Maha Prajnaparamita Sastra

by Gelongma Karma Migme Chödrön | 2001 | 940,961 words

This page describes “stanza of opening the door of the immortal” as written by Nagarjuna in his Maha-prajnaparamita-sastra (lit. “the treatise on the great virtue of wisdom”) in the 2nd century. This book, written in five volumes, represents an encyclopedia on Buddhism as well as a commentary on the Pancavimsatisahasrika Prajnaparamita.

Appendix 1 - The stanza of opening the door of the immortal

Now I open the gate to the immortal.
The faithful shall obtain joy.  
I preach the wonderful doctrine to men,
I do not preach in order to harm anyone.
     (also see the Maha Prajnaparamita Sastra chapter II, part 1)

This stanza has always taxed the skill of translators, old and modern. It shows important differences in the Sanskrit and the Pāli texts.

A. Vinaya, I, p. 7; Dīgha, II, p. 39; Majjhima, I, p. 169; Saṃyutta, I, p. 138: apārutā tesaṃ amatassa… manujesu Brahme Pamuñcantu saddhaṃ may mean either ‘that they may reject faith’ or ‘that they may have faith’; vihiṃsasaññi is unclear, it may be translated as ‘fearing injury’, without knowing whether the Buddha feared lest he be the doer or the victim of this injury.

H. Oldenberg, in 1881, in his Vinaya Texts, I, p. 88, has translated: “Wide opened is the door of the Immortal to all who have ears to hear; let them send forth faith to meet it. The Dhamma sweet and good I spake not, Brahmā, despairing of the weary task, to men.” He remains faithful to this translation in his Reden des Buddha, München, 1922, p. 41: “Der Ewigkeit Tor, es sei jedem aufgetan der Ohren hat. Mag sich dann Glaube regen! Vergebliche Mühe zu meiden hab’ich das edle Wort moch nicht der Welt verkündet.” – R.O. Franke, Die Suttanipāta-Gāthās, ZDMH, LXIII, 1909, p. 7, comparing this stanza of the Itivuttaka, v. 84, also translates pamuñcantu saddhaṃ as “mögen zum Glauben gelangen.”

Buddhaghosa, in his commentaries on the Nikāyas (Sumaṅgala, II, p. 471; Papañca, II, p. 181; Sārattha, I, p. 203) interprets the stanza differently: Apāruta ti, vivatā… nesaṃ saṅkappan ti. –

All recent translators side with Buddhaghosa’s interpretation: T.W. Rhys-Davids, Dīgha tr., II, p. 33: “Open for them the portals to the Undying. Let those that hear renounce their empty faith! Ware of the fret, I uttered not, O Brahmā, Religion good and excellent ‘mong men.” C. Rhys-Davids, Kindred Sayings, I, p. 174: “Open for them the doors stand to Ambrosia. Let those that hear renounce the faith they hold. Foreseeing hurt I have not preached, Brahmā, the Norm sublime and excellent for men.” W. Geiger, Saṃyutta, I, p. 216–217: “Aufgeschlossen sind die Tore der Unsterblichkeit für die, die da hören. Aufgegeben sollen sie ihren Glauben, Verletzung vermutend habe ich nicht ausgesprochen die mir vertraute Wahrheit unter den Menschen, o Brahman.” The interpretation of Buddhaghosa followed by the modern translators may be based on the version of the Mahāśāsaka Mahāvastu and Vinaya. Mahāvastu, III, p. 319, gives somewhat the commentary of the Pāli stanza: apāvṛtaṃ me amṛtasya… magadeṣu pūrvam.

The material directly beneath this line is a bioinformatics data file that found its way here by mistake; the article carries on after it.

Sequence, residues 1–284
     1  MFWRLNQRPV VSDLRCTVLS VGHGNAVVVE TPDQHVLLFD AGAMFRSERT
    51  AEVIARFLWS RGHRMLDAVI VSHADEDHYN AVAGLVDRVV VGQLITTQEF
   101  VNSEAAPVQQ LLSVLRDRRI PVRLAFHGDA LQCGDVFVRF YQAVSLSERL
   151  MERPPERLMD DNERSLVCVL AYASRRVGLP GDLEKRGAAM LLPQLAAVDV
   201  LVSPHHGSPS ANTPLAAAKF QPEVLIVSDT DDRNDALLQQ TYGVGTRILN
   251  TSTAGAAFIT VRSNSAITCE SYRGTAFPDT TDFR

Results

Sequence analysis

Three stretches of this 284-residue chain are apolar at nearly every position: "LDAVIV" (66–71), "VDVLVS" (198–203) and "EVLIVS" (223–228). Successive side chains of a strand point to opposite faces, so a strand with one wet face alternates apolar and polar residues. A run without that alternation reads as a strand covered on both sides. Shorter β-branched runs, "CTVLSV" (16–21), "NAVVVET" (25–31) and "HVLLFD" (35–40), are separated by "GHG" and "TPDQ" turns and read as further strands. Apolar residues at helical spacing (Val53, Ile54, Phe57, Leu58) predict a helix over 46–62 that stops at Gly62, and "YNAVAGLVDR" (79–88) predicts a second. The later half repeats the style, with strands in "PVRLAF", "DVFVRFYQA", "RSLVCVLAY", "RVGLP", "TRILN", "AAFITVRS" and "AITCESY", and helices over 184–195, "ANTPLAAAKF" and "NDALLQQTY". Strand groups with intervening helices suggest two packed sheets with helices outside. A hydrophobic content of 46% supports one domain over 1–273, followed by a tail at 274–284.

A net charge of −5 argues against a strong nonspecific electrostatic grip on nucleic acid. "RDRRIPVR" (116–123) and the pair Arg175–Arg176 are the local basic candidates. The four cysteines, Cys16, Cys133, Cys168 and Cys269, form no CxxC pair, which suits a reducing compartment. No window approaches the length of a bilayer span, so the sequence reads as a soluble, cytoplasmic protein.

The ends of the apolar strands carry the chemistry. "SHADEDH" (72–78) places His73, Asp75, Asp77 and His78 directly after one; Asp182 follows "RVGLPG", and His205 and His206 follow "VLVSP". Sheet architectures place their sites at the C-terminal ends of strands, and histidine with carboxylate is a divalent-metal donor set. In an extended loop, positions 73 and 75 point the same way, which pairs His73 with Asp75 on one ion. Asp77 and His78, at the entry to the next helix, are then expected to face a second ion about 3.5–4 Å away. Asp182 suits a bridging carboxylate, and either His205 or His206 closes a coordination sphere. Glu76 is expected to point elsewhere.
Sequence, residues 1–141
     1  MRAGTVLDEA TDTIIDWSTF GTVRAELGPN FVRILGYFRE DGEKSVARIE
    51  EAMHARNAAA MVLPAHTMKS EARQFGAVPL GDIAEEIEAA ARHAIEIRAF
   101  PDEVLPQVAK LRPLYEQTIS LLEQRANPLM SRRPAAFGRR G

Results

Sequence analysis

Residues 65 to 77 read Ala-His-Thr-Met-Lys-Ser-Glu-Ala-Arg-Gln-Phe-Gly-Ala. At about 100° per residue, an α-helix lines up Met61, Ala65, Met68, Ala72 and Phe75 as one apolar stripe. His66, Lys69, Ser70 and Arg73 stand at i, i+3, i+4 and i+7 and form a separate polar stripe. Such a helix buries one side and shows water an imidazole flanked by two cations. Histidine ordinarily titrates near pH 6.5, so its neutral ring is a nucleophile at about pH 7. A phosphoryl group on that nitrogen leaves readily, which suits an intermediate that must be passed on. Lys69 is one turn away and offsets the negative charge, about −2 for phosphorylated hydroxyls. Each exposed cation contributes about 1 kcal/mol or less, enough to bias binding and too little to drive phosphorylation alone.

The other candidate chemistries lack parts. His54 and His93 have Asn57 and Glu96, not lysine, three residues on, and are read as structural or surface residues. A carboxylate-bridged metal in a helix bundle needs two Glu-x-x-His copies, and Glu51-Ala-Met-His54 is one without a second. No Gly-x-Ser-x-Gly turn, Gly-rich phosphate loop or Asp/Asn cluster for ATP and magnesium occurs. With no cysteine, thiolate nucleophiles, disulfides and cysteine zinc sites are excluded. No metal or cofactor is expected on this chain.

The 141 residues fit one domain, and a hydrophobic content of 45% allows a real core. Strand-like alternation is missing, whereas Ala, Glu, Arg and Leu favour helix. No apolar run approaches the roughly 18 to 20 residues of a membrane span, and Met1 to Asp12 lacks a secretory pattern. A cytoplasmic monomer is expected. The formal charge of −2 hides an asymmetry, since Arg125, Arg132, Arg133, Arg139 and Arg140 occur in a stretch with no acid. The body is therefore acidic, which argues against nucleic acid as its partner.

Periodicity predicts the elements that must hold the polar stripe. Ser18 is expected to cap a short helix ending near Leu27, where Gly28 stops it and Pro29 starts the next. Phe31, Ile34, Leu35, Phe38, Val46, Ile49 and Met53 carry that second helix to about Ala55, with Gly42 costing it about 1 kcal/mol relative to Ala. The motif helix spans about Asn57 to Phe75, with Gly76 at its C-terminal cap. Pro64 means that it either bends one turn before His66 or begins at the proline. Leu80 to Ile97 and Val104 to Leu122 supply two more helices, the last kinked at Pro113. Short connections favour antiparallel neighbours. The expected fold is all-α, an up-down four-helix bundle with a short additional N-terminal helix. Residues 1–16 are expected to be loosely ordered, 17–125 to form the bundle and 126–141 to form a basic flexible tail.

By correcting praguṇo to apraguṇo (‘praguṇo) in the fourth pada, my [Lamotte] translation is: “I have opened the door of the immortal, O Brahmā! Those who wish to hear the Bhagavat reject their pernicious belief. At one time among the Magadhans there was a pernicious, inferior, impure doctrine.”

The idea is the same in the Mahīśāsaka Vinaya, T 1421, k. 15, p. 104a: “Previously, fearing useless fatigue (cf. the Pāli vihiṃsasaññī), I did not preach the profound meaning. Now I shall open [the gates] of the immortal. All should listen.”

If these texts are compared, the meaning of the stanza becomes clear: Previously the Buddha did not preach the doctrine for fear of useless fatigue, but yielding to Brahmā’s invitation, he is going to open the gates of the immortal, and all his listeners should renounce their old beliefs, impure beliefs current in Magadha.

B. But apart from this tradition, which I [Lamotte] would readily call the Pāli tradition, there exists another tradition which gives a completely different meaning to the stanza: the Buddha announces that he is going to open the gates of the immortal; the faithful (śraddhāvataḥ and not śrotravantaḥ) will profit from his teaching; this teaching will avoid doing harm to others (different interpretation of the Pāli vihiṃsasaññī). This tradition is represented by a whole series of Chinese texts, among which is the Mppś:

Ekottarāgama, T 125, k. 10, p. 593b: “The god Brahmā came to encourage the Tathāgata to open the gates of the immortal. The listeners having sincere faith will understand the profound Dharma. As at the summit of a high mountain, all kinds of beings are found. I, who possess this Dharma, will climb up to the temple (?. sic) and will manifest the Dharma-eye.” – Dharmaguptaka Vinaya, T 1428, k. 32, p. 787b: “Brahmā, I say unto you: I am going to open the gates of the immortal. The listeners will receive it with faith. It is not to molest [beings] that I preach, O Brahmā, the marvelous doctrine obtained by the Muni.” – Mūlasārvastivādin Vinaya, T 1450, k. 6, p. 126c: “To those who listen to the Dharma with joy, I will open the gates of the immortal. If it were in order to blame and look down on men, O Brahmā, I would never preach.”

C. Of somewhat confused origin, the Lalitavistara, p. 400, seems to be a contamination of the two traditions: apāvṛtās teṣām amṛtasya… dharmaṃ magadheṣu sattvāḥ. “The gates of the immortal, O Brahmā, are open for those who always have ears; they enter, those believers who do not think of harm; they listen to the Dharma, the beings of Magadha.

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